Gavin Lurssen is the owner and chief engineer at Lurssen Mastering in Hollywood, CA.
Gavin has four Grammy® Awards, his most recent and first Latin Grammy was awarded November 2010 for his work on Diego Torres' album Distinto. In 2009 he won a Grammy for mastering the album Raising Sand, performed by Robert Plant and Alison Krauss and produced by T Bone Burnett, which won the Album of the Year category. In 2002 he received a Grammy for the O Brother Where Art Thou? album which won in the same category. Gavin also won in 2004 in the Best Historical Album category for his work on the box set that accompanied the PBS television series, Martin Scorsese Presents the Blues. Raising Sand also won Gavin and Lurssen Mastering two TEC awards in 2008 for outstanding facility and for mastering.
Sonic: What’s your production workflow at Lurssen Mastering?
Gavin: The way we work at Lurssen Mastering is that we use analog processing equipment no matter what the source material is. After we process the audio for optimal sound by today's mastering standards we convert back to digital and then into the work station. The raw unedited files then get taken to an editing suite to be cleaned up an and having the spacing and cross-fades set and whatever edits are needed. This work is either done by the mastering engineer or a production engineer familiar with the project. As a result we have two to three editing systems running simultaneously all day long, and that includes the system to which the files are recorded in the mastering room.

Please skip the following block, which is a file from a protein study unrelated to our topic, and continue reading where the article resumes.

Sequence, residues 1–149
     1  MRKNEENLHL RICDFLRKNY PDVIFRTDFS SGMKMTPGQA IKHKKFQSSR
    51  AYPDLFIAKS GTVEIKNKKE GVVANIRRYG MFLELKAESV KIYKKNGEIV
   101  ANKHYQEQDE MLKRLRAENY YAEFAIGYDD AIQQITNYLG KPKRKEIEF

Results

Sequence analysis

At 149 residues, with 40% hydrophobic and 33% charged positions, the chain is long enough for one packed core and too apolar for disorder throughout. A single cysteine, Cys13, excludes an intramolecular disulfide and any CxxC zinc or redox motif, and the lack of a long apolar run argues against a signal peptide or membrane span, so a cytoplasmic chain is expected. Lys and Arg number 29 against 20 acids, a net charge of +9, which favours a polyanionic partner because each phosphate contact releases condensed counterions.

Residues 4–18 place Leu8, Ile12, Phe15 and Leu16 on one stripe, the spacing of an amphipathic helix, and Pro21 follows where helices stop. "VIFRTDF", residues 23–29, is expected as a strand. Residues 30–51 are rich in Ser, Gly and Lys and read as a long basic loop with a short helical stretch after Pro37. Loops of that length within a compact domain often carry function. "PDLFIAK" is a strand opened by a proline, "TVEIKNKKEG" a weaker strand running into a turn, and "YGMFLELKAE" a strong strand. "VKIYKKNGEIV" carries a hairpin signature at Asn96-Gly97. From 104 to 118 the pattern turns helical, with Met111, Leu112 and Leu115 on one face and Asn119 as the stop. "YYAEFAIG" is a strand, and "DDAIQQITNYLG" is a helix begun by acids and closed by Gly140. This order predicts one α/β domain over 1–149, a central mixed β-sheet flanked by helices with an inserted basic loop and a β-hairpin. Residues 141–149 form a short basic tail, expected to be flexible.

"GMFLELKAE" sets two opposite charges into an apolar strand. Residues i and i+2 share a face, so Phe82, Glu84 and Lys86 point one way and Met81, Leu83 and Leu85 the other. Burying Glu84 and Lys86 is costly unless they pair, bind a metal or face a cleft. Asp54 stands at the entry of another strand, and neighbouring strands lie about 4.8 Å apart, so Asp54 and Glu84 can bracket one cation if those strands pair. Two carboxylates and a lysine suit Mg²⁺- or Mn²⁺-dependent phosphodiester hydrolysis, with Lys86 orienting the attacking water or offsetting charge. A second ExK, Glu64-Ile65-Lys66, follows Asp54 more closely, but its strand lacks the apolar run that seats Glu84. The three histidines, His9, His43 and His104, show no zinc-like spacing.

Sonic: What were your requirements when you specified your gear for this new facility? What led to the overall choice of Sonic Studio components?
Gavin: There are several elements to the decision. The first priority is being that it has to sound good. I have been an original Sonic Solution "Classic" user since the early 1990's and once we found the right cables and clocks and other little things that made that system sound good it became my benchmark. I found some other systems based on PC that sounded pretty good but I am comfortable on the Mac so that was another consideration. The Sonic was the first professional mastering system that worked for Mac OSX and it just fit into the way we do things here.
Sonic: What role did our Sonic's editing model play in the decision?
Gavin: Four-point editing was comfortable because we were already comfortable with the Sonic "Classic" model which pioneered the concept of source-to-destionation editing for the DAWs; which of course was mirrored from Sony's 1630 hardware editor. And, NoNoise II which is still unrivaled and very useful for removing all kinds of unwanted noise problems, especially in some of the catalog work we do.
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